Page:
February 2008


The  2007 November/December Goldfish Report has shipped to e-subscribers. Hardcopy recipients should get their dead-tree issue soon. For general info and specific instructions for authors for the Goldfish Report, take a look here. This page is updated as information is provided to the Webmaster.

If you have let your membership lapse or have been thinking about joining the GFSA, now is a great time - here is a form you can print. To submit material for the Goldfish Report to our editor, please see the updated society contact info. Articles and photos in electronic form are particularly appreciated.

The current line-up of people filling the GFSA offices is on the society officers page. The GFSA Board of Directors continues 2008 with a focus on ensuring that the society is undertaking activities and providing services that our members want. Tell us if there is something you really want (even better, volunteer to help us do it).

Interested in joining the GFSA but still not sure? We have two sample Goldfish Reports available to download, to demonstrate that every issue is packed with thought provoking information and pictures available nowhere else. We are also promoting an electronic membership option that significantly lowers the cost of membership! Only $10US gets you a year of informative, timely color issues of the GFSA's Goldfish Report, sent directly to your email inbox.

Lessons Learned "Quick Hits"

We are soliciting short lessons-learned from hobbyists: events that possibly left you sadder, but measurably wiser. Have a good one? Please send it to the  . Here is a brief diatribe from the Webmaster:

Most fish hobbyists recognize soap as completely incompatible with fishkeeping. The modern forms with added antibacterial and other chemicals seem especially scary. But what specifically is the concern?

Soap in the water with fish (not just goldfish) is an irritant and potentially fatal at fairly low concentrations. Most people know enough not to use soap on aquariums, ponds, and fish keeping equipment. This is reasonable since there are a number of things that can be used for cleaning or sterilizing our fishkeeping gear that are either fairly benign (like salt) or can be neutralized after use (like chlorine). But what if soap accidentally or through lack of knowledge gets onto something it shouldn't? Should the items just be thrown away as never again safe for fish?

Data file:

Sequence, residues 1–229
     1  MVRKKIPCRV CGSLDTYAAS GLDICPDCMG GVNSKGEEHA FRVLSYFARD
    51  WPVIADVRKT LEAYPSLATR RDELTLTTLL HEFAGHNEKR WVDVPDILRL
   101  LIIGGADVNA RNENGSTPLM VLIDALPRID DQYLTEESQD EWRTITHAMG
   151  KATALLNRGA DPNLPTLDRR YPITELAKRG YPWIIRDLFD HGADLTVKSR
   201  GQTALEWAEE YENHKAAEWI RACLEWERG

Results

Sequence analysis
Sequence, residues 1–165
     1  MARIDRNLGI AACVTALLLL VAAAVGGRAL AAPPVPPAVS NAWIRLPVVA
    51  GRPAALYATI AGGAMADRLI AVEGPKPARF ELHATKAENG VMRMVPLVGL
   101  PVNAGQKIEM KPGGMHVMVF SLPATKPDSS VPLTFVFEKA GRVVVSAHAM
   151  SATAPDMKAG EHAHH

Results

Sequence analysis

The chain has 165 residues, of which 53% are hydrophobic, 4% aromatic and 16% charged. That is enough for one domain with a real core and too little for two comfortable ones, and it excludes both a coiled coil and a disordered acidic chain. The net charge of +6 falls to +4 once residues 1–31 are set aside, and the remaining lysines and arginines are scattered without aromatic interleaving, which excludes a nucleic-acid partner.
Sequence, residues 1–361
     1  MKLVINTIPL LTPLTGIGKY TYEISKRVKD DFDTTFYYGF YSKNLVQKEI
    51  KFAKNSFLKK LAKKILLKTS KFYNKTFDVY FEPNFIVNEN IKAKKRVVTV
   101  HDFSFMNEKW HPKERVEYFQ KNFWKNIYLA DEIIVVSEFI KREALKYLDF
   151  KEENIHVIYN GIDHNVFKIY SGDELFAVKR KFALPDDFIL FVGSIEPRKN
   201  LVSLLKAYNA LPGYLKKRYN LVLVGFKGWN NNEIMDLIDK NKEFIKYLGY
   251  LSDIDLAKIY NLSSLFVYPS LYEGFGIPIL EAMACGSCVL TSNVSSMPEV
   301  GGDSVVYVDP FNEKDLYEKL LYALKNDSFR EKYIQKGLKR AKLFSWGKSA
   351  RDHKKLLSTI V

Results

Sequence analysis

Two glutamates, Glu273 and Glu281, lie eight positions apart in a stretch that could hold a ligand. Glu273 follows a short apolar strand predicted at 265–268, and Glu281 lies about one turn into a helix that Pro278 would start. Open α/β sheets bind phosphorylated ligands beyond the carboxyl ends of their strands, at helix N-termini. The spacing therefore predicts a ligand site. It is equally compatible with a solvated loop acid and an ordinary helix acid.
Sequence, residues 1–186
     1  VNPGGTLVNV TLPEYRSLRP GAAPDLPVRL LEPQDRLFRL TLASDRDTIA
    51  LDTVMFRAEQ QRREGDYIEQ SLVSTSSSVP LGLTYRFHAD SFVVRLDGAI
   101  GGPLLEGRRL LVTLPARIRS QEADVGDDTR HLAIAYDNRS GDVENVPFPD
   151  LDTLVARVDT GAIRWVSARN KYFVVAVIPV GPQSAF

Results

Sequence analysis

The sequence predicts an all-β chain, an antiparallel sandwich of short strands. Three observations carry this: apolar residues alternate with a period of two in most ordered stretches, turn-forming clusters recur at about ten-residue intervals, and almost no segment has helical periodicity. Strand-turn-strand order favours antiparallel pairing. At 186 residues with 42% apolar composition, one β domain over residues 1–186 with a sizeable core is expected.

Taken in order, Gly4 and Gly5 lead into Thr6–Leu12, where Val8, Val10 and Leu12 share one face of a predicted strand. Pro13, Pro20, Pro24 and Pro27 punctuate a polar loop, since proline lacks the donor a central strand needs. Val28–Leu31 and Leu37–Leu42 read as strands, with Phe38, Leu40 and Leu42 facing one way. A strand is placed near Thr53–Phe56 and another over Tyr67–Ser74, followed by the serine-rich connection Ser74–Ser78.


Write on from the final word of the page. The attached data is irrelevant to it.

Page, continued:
The webmaster has a 55 gallon aquarium that was given to him after the owners "cleaned it with soap". This tank has been used without incident (other than a leak) for more than 5 years. In general, nonporous surfaces (like glass) will not absorb soap, so a thorough cleaning with hot water will render them effectively free of any soap residue. Small objects can even be put through the dishwasher (with no soap, of course) to get an effective rinsing. Things like gravel are a little more problematic; typically gravel is nonporous, but it has a lot of surface area. So the rinsing must be especially effective and prolonged to ensure no soap residue remains. Porous objects like terracotta, wood, and cloth are harder to be sure of ... they can absorb soap into themselves and release it slowly over time. So these are probably best disposed of. However, most soaps also biodegrade over time, so potentially even porous objects can become safe after an extended period of time in water where algae and bacteria can act on any residual compounds. The safest approach is of course to test any "de-soaped" items by exposing a single fish for, say, a week, to be sure there are no issues.

An important counterpoint to this horror of soap is hand washing. If you remove rings and other jewelry from your hands, use a standard hand soap (no special antibacterial compounds or moisturizers etc.), thoroughly rinse your hands and lower arms under comfortably hot water, and then towel dry, you should never have issues with accidentally putting soap into your aquariums on your hands. On the plus side, you may significantly reduce the likelihood of spreading illness between tanks or getting an infection yourself. So don't be afraid to wash your hands: the benefits far outweigh the risks.